The surviving bankers were not fazed by any of the foregoing events, and they simply went back to their same old practices of lending to at low rates on almost totally unsecured loans to their big corporate buddies (or in some cases businesses owned by their owners; no conflict of interest there!) while charging smaller clients and arm and a leg in interest and commission/fee charges, while requiring 100% or even 200% collateral guarantees on those smaller loans. (In fairness to Ecuador, the banks here are not unique in LA on these practices; I've seen the same sort of shenanigans in pretty much all of the other seven countries I've lived in down here.)

Anyway.... Correa's finally come in and he's calling a spade a spade, accusing the bankers of running a cozy, opaque system that really runs in their favor and not that of the vast majority of their clients . So he's come out with a draft law which would control interest rates, prohibit the application of most commissions and fees, and require all banks and S&L cooperatives to post their rates and profits, etc., publically. The same draft law would restructure the Bank Board system so as to give the government much more influence in overseeing, indeed running the bank sector.

At the same time, Correa has staged a coup within the banking oversight system by placing several of his allies on the oversight entity, the Bank Board (Junta Bancaria) such that he now has majority control of the Board. (Note: Things are complicated right now on JB because the President of the Board is the Superintendent of Banks, who's not a friend of Correa's and who has veto power over Board decisions; Correa hopes to rectify this as well via his draft banking law as I say, but we'll see.) As well, Correa has somehow managed to force the Manager of the Central Bank , a conscientious professional CB sort, to resign from the CB and Bank Board, which removed a respected Correa opponent from the policy arena.

In moving on these two fronts, policy via the draft law, and institutional via the Bank Board takeover, Correa has moved a long way toward governmental control of bank policies, which pleases many, including me, from a visceral standpoint. That said, economically speaking, I've never/never seen a controlled interest rate system succeed in achieving its putative goal of making more and cheaper credit available to the public on a sustainable basis, anywhere in LA, ever. Right now, then, it looks to me like Correa will provide cheap, short term politcal gratification to the voters at the expense of bankers (And who likes bankers? They're right down there with lawyers on the Rodney Dangerfield respect list) , but it'll cost us in the long run in terms of affordable credit availability...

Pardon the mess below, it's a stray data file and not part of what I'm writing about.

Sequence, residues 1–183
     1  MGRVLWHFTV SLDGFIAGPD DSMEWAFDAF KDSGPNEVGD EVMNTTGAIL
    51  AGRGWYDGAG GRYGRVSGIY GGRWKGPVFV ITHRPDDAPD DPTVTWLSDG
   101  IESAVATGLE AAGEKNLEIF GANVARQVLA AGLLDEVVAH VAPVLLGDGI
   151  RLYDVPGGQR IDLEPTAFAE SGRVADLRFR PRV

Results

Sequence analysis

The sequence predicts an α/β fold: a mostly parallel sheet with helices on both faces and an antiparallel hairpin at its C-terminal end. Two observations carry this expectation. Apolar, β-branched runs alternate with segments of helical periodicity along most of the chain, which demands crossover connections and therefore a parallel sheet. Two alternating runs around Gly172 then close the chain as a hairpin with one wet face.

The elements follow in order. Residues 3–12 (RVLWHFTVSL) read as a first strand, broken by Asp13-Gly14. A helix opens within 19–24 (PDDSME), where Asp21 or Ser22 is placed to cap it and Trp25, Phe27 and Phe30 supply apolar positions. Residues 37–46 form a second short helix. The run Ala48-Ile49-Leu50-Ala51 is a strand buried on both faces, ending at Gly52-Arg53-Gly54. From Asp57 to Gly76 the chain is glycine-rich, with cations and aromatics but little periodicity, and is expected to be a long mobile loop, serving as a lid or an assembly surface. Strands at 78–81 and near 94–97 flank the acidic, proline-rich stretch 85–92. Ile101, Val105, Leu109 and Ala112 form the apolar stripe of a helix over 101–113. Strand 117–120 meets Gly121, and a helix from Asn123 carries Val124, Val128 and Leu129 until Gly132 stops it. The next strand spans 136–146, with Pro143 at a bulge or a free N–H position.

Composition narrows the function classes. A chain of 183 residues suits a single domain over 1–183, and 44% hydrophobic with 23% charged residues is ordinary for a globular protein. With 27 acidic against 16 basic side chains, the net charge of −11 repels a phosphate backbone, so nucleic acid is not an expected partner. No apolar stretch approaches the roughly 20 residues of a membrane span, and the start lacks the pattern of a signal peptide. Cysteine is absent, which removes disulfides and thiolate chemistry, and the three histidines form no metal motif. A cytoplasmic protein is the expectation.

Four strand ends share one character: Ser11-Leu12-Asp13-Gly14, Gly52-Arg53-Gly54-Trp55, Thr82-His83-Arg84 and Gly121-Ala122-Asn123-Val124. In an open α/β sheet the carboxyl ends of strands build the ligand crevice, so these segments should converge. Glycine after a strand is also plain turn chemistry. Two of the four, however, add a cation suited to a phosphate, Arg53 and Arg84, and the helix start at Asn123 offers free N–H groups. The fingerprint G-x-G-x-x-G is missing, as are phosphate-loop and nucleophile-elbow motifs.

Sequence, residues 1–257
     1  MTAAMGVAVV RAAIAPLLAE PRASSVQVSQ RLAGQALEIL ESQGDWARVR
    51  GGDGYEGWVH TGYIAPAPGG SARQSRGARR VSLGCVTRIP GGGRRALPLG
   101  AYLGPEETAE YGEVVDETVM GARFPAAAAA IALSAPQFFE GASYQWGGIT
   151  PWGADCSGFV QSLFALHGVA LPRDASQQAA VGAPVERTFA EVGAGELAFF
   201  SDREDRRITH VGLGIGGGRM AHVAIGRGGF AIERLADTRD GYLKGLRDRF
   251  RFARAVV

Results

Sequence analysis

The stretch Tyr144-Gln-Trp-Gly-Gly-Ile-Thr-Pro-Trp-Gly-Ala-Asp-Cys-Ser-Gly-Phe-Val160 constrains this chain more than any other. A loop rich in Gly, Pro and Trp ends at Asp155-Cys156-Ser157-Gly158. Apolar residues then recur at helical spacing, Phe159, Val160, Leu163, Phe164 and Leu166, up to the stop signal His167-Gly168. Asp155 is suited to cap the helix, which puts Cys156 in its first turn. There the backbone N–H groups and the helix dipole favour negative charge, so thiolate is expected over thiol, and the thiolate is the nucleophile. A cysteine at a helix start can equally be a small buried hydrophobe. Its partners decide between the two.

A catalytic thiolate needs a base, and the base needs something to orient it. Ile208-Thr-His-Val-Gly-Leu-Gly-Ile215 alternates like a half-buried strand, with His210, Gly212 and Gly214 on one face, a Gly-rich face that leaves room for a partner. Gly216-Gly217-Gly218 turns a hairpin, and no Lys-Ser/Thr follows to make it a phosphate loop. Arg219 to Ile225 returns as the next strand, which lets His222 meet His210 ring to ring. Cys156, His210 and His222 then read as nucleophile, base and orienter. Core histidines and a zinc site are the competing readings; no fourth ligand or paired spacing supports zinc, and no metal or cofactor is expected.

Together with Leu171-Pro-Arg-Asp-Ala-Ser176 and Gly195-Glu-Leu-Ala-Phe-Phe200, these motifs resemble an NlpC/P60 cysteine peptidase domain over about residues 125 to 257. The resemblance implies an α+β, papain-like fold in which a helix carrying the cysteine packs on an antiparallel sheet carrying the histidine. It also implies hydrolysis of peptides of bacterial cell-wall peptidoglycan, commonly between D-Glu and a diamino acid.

OK, I'm going to close this post because it's gotten kind of long. The next post will address Correa's war on the press, and after that, I think a separate post on the juegos of our Minister of Economy and Finance, Ricardo Patino, Ecuador's very own minor league, Vladamiro Montesinos...

Monday, May 07, 2007

May 6, 2007

....I'm simply inserting a date for the title of this posting since I can't think of anything snappy to post to the marquee. I suppose I could quote Lewis Carroll, "Curioser and curioser", but, hell, I'll save that one for a later posting, because just when you think things can't get stranger or wackier here, they do.

Let's see...

Since my last posting, 50 of the famous 57 fired Diputados (seven of the fired guys decided the hell with it, and gave up without a fight) won a complaint they'd placed with the Tribunal Constitucional asserting that they'd been denied due process in being removed from Congress. The TC agreed, by a vote of 6-3, that that in fact, was case, and ordered that the fired folks be allowed to take their seats once again in Congress.